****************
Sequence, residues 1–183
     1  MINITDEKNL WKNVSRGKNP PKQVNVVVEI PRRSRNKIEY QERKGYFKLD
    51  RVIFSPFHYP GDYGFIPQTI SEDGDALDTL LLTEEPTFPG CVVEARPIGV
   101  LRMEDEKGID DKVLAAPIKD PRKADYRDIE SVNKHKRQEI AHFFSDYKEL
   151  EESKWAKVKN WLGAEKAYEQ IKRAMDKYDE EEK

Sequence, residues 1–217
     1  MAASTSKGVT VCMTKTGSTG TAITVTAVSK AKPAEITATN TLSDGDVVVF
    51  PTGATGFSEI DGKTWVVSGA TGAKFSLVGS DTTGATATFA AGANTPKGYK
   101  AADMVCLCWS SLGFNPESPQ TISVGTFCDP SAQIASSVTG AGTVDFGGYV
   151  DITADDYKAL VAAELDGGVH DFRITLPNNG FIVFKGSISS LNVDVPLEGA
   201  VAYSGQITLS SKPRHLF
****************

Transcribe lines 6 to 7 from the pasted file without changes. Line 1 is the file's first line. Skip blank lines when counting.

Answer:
Sequence, residues 1–217
     1  MAASTSKGVT VCMTKTGSTG TAITVTAVSK AKPAEITATN TLSDGDVVVF